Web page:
Music should incentivize us to buy, put us in a good mood and ensure that we add a few more items to our shopping cart than we actually intended. Store owners, who select their playlist according to certain criteria in order to encourage their customers to spend more time and money in their stores, have singlehandedly pioneered an entire genre of “utility music” or “shop pop.”
Let the rhythm guide you.
If the music plays quietly in the background, we hardly even notice it when we have to pick up something in a hurry. But if the store assistants have turned the music up so loud that we can’t help but hear it, you can be fairly sure there is a hidden agenda. Background music has long since become an integral part of the store concept. As we try on a pair of trousers or a dress in the changing room or check out the tops on the racks, the music playing in the background was deliberately chosen to put us in a positive mood and, more importantly, to put us in the mood to shop. Often the store plays hits that are currently in the charts. The latest tunes that we are all familiar with make us feel like we are keeping up with the trends. Of course, we want to feel trendy when we are buying something new. So it’s no wonder that Shop Pop is full of popular radio dance tracks that the general public can relate to and that make us feel like we are purchasing something stylish to make us look great. Justin Timberlake is always a great shopping companion. Ariana Grande also tops the Shop Pop Top 10 worldwide, as does Calvin Harris. Sometimes a bit of Soca and Tropical House is mixed in with the electronic playlist. This never fails to transport us to sunnier climates and beaches, even when a bitter wind whistles past the store front.
Behavioral psychologists and historians have long been interested in music that is not only created for artistic purposes, but also serves a specific cause. Utility music existed even before the first shopping mall opened. The fact that the term originated in Germany is not surprising when you consider that music was often used for political purposes, especially in the Weimar Republic and the Third Reich where there was an increased use of military marching music or where classical pieces of music were specifically composed for rallies and gatherings, for example.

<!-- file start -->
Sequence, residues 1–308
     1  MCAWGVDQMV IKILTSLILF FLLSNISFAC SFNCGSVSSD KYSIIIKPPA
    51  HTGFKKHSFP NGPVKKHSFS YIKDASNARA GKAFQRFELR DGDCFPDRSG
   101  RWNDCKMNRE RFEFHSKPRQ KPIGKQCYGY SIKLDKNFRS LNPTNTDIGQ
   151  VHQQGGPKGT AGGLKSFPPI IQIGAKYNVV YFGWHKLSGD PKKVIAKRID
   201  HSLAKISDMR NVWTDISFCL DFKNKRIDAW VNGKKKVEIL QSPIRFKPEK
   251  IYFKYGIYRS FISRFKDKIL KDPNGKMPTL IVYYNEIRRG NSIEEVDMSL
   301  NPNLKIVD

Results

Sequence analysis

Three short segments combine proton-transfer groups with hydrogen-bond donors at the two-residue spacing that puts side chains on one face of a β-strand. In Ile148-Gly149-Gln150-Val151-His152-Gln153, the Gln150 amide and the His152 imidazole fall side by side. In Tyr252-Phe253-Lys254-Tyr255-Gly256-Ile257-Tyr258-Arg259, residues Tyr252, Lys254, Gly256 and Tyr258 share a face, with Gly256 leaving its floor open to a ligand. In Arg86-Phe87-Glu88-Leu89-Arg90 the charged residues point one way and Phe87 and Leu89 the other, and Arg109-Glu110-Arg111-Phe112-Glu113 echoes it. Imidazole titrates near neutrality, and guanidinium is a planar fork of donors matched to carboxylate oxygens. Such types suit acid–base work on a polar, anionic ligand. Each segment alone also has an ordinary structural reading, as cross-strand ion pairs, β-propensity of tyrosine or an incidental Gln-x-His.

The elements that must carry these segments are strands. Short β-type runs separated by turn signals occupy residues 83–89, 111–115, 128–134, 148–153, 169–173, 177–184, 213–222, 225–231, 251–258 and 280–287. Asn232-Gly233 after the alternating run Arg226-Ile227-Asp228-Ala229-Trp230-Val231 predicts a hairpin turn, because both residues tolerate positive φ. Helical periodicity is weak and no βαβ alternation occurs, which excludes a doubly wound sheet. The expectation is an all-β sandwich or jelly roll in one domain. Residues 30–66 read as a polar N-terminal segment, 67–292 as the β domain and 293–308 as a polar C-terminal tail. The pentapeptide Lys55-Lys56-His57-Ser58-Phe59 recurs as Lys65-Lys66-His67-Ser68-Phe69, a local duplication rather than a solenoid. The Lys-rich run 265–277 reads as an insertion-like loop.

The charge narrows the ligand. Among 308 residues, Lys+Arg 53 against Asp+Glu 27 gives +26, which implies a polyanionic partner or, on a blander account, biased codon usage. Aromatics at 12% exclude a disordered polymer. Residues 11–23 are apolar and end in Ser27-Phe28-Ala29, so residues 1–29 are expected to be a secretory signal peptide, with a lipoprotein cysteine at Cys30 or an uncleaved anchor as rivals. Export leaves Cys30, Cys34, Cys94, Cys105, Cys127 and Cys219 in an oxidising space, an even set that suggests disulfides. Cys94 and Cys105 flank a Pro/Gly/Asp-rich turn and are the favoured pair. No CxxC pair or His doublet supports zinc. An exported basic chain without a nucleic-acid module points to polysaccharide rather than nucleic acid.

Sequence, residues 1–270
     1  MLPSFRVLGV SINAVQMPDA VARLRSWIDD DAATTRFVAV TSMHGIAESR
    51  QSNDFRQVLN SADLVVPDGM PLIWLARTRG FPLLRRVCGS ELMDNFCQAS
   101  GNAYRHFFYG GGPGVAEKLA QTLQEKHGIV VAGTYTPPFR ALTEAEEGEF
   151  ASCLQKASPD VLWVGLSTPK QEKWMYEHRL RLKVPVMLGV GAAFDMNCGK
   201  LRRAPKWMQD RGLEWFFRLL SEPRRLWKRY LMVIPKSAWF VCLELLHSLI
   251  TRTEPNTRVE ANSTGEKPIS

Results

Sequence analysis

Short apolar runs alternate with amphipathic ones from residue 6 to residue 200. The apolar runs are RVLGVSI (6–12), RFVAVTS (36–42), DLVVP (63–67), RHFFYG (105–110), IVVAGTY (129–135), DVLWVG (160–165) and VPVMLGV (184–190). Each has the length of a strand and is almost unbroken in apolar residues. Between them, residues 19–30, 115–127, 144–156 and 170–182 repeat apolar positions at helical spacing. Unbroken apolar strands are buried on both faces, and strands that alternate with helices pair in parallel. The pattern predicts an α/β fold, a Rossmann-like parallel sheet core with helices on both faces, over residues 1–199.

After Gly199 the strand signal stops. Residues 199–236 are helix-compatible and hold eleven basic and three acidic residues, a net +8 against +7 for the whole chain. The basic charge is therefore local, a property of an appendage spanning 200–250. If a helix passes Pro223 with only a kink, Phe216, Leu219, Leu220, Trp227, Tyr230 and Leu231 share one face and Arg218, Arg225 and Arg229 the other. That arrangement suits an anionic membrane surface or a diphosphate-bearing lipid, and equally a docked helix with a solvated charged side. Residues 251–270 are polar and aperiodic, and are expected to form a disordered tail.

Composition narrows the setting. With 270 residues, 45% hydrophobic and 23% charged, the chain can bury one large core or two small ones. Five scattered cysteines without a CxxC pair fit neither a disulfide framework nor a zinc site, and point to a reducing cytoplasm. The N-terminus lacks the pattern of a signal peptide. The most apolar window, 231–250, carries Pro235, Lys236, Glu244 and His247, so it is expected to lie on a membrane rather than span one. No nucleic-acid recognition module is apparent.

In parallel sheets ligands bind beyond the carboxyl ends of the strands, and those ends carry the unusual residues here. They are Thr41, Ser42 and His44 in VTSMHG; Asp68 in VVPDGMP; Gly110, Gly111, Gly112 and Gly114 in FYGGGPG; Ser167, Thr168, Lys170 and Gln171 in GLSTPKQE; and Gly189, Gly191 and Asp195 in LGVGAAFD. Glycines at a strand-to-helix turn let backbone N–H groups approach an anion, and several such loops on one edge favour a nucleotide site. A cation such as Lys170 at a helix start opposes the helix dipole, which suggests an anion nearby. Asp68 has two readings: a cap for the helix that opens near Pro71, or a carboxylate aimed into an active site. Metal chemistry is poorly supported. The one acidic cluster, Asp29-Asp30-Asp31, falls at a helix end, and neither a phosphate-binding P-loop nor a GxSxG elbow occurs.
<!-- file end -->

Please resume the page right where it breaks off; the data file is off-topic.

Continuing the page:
But music had a purpose long before that. The waltzes and ballroom dance tunes of the 17th century were not created out of a love of art—they were intended to get the attendees onto the dance floor. As early as the 18th century, Joseph Hayden composed his music paying special attention to the reaction of his aristocratic audience, while Mozart liked to incorporate moments of shock in order to revive a listless audience. His compositions would almost certainly not have existed if his only aim was to create a beautiful sound. Chamber music is just one type of utility music—by carefully considering its target groups and effects on the audience, it finally made music popular with the bourgeoisie. Narrative music such as operas and musicals also fall into this category because the compositions serve to tell the story and are inextricable linked with the drama and dance. Film soundtracks also serve the purpose of intensifying the images and scenes, while remaining in the background as far as possible.
An auditory insight.
Pay attention the next time you go shopping: What is being played in your favorite store? Why did they choose these particular tracks? What behavior are they trying to change or trigger? Understanding the choice of music is almost like having an inside view into the store concept. Exciting isn’t it!
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